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Are Summit County businesses ready to grow?

In a recent teleconference, Sen. Mark Udall said business leaders around Colorado all tell him the same thing: They’re ready to expand. The senator is currently working on an amendment to a small business bill that would increase credit unions’ ability to lend to small companies, a move he says will help small businesses expand and create jobs.

But what about Summit County businesses? Do those hit hardest by the economy – like in the construction or service industries – feel ready to take the plunge?

Katie Roberts, executive director of the Summit Independent Business Alliance, said she’s seeing cautious optimism from local businesses interested in growth.



“I’m not hearing a lot of people wanting to take big risks,” she said.

Consumers have been wary of their spending in the past few years – a trend Roberts said could stick around.



“They’re more careful, and I think the business owners are aware of that,” she said.

Rod Vargas, who purchased Summit Landscaping in Breckenridge this past October, is in the process of giving his new company a facelift. He’s repainting vehicles and equipment to give his business a uniform look, and putting up a small garden center.

“Regardless of where the economy was going, I think it was a great opportunity for us to update the image of the company,” he said.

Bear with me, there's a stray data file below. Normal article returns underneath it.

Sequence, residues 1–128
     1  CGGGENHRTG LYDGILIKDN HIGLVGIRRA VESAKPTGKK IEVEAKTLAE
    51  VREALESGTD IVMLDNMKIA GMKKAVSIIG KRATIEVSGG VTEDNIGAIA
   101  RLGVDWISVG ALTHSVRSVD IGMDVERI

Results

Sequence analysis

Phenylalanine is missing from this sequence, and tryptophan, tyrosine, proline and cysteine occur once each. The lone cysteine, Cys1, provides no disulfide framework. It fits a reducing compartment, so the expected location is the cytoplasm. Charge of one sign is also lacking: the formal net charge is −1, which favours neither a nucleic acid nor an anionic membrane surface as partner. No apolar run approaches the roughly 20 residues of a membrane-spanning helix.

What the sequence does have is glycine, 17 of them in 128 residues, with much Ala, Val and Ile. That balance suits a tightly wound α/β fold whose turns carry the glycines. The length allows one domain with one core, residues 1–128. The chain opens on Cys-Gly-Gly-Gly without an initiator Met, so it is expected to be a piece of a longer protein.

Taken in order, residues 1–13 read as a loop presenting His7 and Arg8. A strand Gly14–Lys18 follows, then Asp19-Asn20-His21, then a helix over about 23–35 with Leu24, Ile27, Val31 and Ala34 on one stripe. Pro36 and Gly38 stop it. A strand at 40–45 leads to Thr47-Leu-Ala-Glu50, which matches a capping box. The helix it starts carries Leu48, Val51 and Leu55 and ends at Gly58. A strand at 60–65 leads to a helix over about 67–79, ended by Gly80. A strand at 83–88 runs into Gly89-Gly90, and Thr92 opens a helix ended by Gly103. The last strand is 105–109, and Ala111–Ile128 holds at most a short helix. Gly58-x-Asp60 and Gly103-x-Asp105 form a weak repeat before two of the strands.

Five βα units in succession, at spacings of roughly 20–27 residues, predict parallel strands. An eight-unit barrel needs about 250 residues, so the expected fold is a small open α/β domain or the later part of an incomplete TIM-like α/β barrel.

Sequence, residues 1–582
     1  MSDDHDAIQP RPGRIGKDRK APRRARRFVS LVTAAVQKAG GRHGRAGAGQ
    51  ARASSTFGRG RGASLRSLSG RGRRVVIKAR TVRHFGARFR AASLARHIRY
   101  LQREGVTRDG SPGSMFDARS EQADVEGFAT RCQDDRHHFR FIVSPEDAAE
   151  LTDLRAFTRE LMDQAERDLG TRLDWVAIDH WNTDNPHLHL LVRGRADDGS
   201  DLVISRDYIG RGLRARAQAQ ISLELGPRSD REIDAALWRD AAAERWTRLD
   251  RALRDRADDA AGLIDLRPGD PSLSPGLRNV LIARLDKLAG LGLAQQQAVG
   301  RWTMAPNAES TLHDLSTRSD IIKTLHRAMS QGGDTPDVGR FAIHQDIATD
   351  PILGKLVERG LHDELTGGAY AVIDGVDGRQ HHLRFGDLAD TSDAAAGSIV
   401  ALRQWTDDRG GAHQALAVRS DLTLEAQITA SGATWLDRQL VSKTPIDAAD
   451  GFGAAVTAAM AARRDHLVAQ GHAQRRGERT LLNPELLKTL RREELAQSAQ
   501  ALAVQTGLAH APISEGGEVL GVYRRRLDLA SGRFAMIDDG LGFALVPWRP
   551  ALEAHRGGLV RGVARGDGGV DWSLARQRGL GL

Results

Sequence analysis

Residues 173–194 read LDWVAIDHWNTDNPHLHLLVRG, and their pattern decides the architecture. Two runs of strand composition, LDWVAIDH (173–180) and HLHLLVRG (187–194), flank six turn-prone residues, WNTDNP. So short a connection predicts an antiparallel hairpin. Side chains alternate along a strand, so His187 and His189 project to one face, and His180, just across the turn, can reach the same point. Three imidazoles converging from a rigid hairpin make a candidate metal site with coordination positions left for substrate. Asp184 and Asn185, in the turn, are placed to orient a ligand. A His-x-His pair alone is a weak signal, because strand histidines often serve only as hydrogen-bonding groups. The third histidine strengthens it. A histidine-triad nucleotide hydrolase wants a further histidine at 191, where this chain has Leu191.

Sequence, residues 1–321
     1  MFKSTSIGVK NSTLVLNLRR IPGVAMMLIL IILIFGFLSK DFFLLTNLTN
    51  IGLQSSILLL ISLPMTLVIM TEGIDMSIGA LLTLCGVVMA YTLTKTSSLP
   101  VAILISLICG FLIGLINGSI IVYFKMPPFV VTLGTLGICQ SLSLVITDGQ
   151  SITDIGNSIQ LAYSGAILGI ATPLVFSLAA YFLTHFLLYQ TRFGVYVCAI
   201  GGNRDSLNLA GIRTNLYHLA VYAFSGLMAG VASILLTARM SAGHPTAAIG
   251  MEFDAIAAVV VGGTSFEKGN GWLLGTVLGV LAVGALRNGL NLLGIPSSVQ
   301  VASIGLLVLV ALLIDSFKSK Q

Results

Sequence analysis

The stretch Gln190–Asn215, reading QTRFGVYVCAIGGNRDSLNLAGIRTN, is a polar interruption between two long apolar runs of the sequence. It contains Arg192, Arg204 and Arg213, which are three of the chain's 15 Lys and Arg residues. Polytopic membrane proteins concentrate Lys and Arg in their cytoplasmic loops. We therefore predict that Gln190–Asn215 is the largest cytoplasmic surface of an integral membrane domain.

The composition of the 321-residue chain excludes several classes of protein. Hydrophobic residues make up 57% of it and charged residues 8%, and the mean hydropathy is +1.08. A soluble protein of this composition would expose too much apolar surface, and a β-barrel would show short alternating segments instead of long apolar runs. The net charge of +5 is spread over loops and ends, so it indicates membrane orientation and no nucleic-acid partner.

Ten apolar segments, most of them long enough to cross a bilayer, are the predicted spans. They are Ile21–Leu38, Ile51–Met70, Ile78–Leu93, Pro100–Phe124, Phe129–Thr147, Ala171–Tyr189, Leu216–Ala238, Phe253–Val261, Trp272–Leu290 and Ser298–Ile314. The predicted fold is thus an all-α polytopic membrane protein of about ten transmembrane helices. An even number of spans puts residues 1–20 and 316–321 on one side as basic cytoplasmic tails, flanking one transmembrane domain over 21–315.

Vargas isn’t certain when the economy will completely rebound, but said the perfect time to think about expansion is when it’s stagnate.

“To me, it was a great opportunity,” he said. “It’s a great time to do it.”

Scott Boshaw – owner of Ember in Breckenridge – opened his restaurant at the economy’s rock bottom in Dec. 2009. Because he started his business in such a lean period, Boshaw said he doesn’t really know any other way to run it. He said he tries not to dwell on the economy.

“One thing the economy does for you is fine-tune your business,” he said.

Boshaw said he’s currently only concerned about Ember, but would definitely consider expanding his brand if the restaurant could self-sustain.

Todd Gourley of Powder River Construction said his building seasons have been full.

“I’m busier and busier every summer,” he said. “Last summer was the best summer yet.”

Gourley focuses on kitchen and bath remodels, and said he wouldn’t be opposed to taking advantage of extra credit to expand his business. He also owns Powder River Log Cabins, a company he started just last year. The building business hasn’t been quite as busy as his construction company, but he thinks it’s because many people don’t know about it yet. Nevertheless, Gourley is optimistic.

“There’s a lot more business out there,” he said.

Don Sather, owner of BigHorn Materials in Silverthorne, isn’t so optimistic; he says he’s realistic. Sather was in Summit County for the 1980s’ economic recession, which lasted nine years. He said you have to foresee the growth of business before you can expand.

“You don’t entertain debt in a down economy,” he said.

Before the economy tanked, Sather owned seven small businesses, including a paint store in Frisco and an eco-products store in Breckenridge. He had to close three of the seven when the economy hit. He said he would consider reopening his stores if the markets improved and Lowe’s and Home Depot stay away, but until then, he’s taking it one year at a time.

“We’ll keep our fingers crossed,” he said.

The Senate will be debating the small business bill for at least several more days. They are on recess for the week, but will take up the bill again when they return Monday.


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